from Wiktionary, Creative Commons Attribution/Share-Alike License

  • v. Present participle of hazard.


Sorry, no etymologies found.


  • Courage consists, not in hazarding without fear, but in being resolutely minded in a just cause.

    The Romance of Isabel, Lady Burton

  • You are more cruel than she in hazarding a life that's dearer to me than that of the whole world's besides, and which makes all the happiness I have or ever shall be capable of.

    Letters from Dorothy Osborne to Sir William Temple (1652-54)

  • The apostle does not blame him for his indiscretion in hazarding his life, but reckons they ought to love him the more upon that account.

    Commentary on the Whole Bible Volume VI (Acts to Revelation)

  • He had need be very well assured of the resurrection of the dead, or he was guilty of extreme weakness, in hazarding all that was dear to him in this world, and his life into the bargain.

    Commentary on the Whole Bible Volume VI (Acts to Revelation)

  • Mohammed, bin Attash, Binalshibh, and Aziz Ali also are charged with the substantive offense of hijacking or "hazarding" a vessel.

    The Reality Check

  • I feel so great a triumph in having your decided approbation that I cannot forbear hazarding an avowal of it in writing.

    Letter 75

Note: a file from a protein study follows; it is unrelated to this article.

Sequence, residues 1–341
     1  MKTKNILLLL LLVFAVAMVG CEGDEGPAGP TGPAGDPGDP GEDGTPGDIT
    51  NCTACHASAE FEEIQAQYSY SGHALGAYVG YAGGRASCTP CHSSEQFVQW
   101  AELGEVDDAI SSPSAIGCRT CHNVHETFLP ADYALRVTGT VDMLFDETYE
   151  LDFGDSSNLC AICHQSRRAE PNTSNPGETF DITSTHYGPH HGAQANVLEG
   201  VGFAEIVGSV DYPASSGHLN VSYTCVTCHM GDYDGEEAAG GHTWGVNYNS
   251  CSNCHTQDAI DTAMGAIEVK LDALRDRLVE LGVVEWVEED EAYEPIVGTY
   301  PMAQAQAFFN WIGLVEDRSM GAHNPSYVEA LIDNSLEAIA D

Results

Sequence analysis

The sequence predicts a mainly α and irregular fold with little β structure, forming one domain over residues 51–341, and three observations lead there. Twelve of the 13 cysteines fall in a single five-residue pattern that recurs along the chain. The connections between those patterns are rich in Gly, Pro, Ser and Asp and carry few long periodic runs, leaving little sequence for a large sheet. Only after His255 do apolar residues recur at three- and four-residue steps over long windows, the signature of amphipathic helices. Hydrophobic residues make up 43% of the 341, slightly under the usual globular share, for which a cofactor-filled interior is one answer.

• Yet ask those same quiz teams what the ‘T’ stands for in Captain James T. Kirk and most will resort to hazarding a guess or looking round to cheat.

    SciFi, Fantasy & Horror Collectibles - Part 1092

  • Are you randomly hazarding or do you have the inklings of an argument that would connect them?

    Sources of Theology in Job « Unknowing

  • Each love act is a hazarding of the individual's life; this we know, and it is only impelled to perform such acts because of the madness of the trick, which, though it stiikes at the particular life, makes for the general life.

    The Kempton-Wace Letters

  • He laughd at my terror, placed as I was beneath him, and dreading much more the task of decending again than hazarding my neck by climbing higher, for to decend seem'd impossible without extreem hazard of sliping, and perhaps rolling down to the beach.

    Letter 290


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